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At the age of 95, Bob Rupp, left, of Stillwater, will be among the most senior Minnesotans hunting deer when the season opens Saturday. His younger hunting buddies include Gordy Gerling of Little Falls, center, 93, and Ray Gerst of St. Paul, who will be 83 on Tuesday. Rupp plans to give him a birthday cake over the weekend.

Feed Loader,

Anderson: When hunting deer, age is a state of mind

  • Article by: DENNIS ANDERSON
  • Star Tribune
  • November 11, 2013 - 12:54 AM

At 95, Bob Rupp might be the oldest deer hunter to take to the woods Saturday when the state’s whitetail season opens. But his tree perch won’t be any lower to the ground this season than in any year in the past half-century.

In fact, it might be higher.

“I’ll be up 10 or 12 feet or so,’’ Rupp said.

Rupp, of Stillwater, will hunt with a gang of about 10 people, as he has in years past. A couple will be his contemporaries, more or less, including Gordy Gerling of Little Falls, 93, and Ray Gerst of St. Paul, 83. “I’ll be bringing a birthday cake to camp for Ray,’’ Rupp said.

Born in Nebraska, Rupp reported for duty the day after he graduated from college. Against the Germans in the Battle of the Bulge, he was a battery commander, and was awarded a Bronze Star with the V Device, signifying combat heroism.

“When the war ended, places to live were hard to find, as were jobs,’’ Rupp said. “My wife had a sister living in St. Paul, and she and her husband gave us a place to stay and helped us get started here in Minnesota.’’

In 1950, Rupp was hired by The Farmer magazine, produced by Webb Publishing in St. Paul, and served as its editor for 13 years before retiring in 1984.

“At the time, nine out of 10 farmers in Minnesota read our magazine,’’ Rupp said. “One farmer told me, ‘The only things I read are The Farmer and the Bible.’ ’’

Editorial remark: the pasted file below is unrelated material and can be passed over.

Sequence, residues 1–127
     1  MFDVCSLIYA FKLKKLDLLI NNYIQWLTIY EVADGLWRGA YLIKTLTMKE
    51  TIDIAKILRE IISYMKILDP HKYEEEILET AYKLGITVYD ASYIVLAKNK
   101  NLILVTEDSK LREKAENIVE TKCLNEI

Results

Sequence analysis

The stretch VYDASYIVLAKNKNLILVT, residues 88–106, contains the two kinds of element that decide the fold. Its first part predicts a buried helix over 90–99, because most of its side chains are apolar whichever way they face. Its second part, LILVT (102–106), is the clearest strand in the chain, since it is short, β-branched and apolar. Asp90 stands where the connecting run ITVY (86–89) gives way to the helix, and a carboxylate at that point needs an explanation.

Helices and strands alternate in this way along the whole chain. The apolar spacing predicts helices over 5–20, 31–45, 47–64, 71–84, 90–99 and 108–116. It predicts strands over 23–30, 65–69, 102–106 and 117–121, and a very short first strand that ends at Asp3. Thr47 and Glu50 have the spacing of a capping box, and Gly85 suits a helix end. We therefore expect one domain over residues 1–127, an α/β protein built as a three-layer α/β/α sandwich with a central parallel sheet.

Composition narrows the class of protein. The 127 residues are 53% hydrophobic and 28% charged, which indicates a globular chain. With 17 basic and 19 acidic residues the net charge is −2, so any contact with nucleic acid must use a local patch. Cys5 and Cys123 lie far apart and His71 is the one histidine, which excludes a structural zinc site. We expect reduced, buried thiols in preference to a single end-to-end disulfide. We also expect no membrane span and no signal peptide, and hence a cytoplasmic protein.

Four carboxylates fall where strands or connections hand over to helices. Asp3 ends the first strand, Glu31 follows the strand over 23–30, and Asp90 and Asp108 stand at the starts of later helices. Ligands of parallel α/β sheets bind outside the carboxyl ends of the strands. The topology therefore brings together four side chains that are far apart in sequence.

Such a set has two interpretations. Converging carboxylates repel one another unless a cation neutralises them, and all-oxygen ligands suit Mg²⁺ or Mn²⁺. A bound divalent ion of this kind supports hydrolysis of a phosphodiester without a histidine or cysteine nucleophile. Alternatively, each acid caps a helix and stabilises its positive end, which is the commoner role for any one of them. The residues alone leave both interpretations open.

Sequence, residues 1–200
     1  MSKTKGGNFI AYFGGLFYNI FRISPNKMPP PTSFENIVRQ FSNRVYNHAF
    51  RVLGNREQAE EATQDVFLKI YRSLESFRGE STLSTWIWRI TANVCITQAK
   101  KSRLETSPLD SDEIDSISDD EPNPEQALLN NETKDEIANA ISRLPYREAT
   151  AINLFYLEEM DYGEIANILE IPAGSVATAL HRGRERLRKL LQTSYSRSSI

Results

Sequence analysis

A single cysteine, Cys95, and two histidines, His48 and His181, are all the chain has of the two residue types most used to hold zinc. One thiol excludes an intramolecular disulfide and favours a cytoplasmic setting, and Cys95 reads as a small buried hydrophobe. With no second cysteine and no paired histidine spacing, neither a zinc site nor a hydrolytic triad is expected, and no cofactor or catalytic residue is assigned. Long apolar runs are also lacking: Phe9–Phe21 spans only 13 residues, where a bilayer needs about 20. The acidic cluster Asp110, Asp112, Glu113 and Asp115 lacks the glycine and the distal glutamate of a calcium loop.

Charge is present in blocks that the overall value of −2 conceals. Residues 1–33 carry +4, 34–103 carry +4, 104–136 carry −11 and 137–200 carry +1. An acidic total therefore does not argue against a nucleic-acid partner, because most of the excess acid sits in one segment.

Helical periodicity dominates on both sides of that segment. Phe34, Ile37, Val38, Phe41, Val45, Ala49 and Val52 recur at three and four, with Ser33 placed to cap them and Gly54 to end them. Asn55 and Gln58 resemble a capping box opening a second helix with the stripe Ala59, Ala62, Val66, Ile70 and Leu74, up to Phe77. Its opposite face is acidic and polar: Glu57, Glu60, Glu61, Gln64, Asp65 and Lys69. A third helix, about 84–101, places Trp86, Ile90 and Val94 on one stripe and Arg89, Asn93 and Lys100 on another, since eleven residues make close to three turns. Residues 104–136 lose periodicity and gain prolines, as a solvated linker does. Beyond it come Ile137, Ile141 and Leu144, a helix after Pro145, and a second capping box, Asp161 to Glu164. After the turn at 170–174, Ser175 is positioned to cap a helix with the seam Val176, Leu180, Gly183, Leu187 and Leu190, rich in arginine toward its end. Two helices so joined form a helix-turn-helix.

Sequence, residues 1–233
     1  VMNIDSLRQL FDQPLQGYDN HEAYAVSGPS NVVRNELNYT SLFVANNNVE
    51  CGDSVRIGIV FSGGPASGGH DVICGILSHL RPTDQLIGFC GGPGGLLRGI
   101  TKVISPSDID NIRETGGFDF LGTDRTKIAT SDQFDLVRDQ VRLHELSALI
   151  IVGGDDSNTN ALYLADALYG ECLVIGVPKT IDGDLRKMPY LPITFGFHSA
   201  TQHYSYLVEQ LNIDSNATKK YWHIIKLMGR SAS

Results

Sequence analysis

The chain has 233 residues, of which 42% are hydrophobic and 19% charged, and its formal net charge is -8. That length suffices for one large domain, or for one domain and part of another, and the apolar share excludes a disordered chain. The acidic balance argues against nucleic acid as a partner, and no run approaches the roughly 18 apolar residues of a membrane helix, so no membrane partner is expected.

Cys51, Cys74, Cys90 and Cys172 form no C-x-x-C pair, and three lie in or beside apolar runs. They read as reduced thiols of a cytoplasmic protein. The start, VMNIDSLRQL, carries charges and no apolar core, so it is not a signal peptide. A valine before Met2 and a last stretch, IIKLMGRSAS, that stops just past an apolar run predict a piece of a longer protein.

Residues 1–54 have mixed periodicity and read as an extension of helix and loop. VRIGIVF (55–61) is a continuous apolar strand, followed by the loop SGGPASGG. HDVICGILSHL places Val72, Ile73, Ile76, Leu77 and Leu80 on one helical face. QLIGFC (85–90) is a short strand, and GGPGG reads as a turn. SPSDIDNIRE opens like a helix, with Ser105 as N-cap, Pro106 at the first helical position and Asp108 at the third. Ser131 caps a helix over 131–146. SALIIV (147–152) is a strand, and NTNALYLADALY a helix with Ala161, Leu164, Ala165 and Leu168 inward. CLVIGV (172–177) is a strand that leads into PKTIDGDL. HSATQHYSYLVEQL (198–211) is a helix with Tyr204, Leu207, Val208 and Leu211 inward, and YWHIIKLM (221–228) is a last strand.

A hunter since he was 10 years old, when his grandmother gave him a .22-short Stevens repeater, Rupp has a special fondness for chasing ducks, as well as deer.

This fall, as usual, he made a trip to North Dakota looking for mallards and other fowl. Not finding many birds, he returned a second time, unfortunately with generally the same results.

Now comes deer season, and Rupp will join Gerling, Gerst and two generations of follow-on hunters — one set in their 20s and 30s, the other in their 50s and 60s — at their camp near Pillager, not far from Brainerd.

Compared to the hovel they once stayed in while hunting whitetails, their quarters will be luxurious.

“We started out in a tarpaper shack that finally got so bad one bed fell through the floor,’’ he said. “Then we had a fire, and they had to chop a hole in the ceiling to put it out. So about 10 years ago a log-home kit was put up. My job was to help with the chinking. I guess it’s still holding together OK.’’

With deer-head mounts on the walls, the bunk-filled structure is home during deer season to evening games of penny, nickel and dime poker.

“But we turn in pretty early,’’ Rupp said. “Wake-up is 4:30.’’

Soon afterward, Rupp will walk to his stand — “I don’t use a four-wheeler’’ — and pull himself up, ready and waiting well before legal shooting time for a new season to begin.

And he won’t make the mistake of returning to the cabin too soon for coffee and a warm-up, knowing that odds favor those who wait.

“At 9 or 9:30 opening morning, a lot of guys start moving around, because they get cold,’’ he said. “Cold doesn’t bother me, and movement of the other hunters sometimes kicks up deer. So I stay in my stand.

“You have to be patient.’’

He should know.

“After the Battle of the Bulge, our unit was put in for an award, but the request was rejected, reportedly because we hadn’t lost enough men, ‘only’ 13,’’ he said.

“Later, the Germans’ daily combat reports were found, and they told how they couldn’t advance because of our artillery. Which was true: For days we fired a 105-millimeter howitzer at them every 40 seconds, more than 27,000 rounds in total.’’

Not until 56 years later — in 2001 — was Rupp’s battalion finally awarded the Presidential Unit Citation for gallantry and determination in combat.

By then, he had long since retired from the Minnesota National Guard as a colonel.

“Only eight of us were left to attend the award ceremony at Fort Sam Houston in Texas,’’ Rupp said.

“A few years ago, I discovered my ammunition sergeant had been put in for a Bronze Star at the end of the war, after I had left Europe. But somehow it got lost. So about four years ago, I resubmitted the request, and he received it, finally, with the V Device he deserved.’’

Patience.

After all these years, Rupp still has it.

And deer near him should fear it.

 

Dennis Anderson danderson@startribune.com

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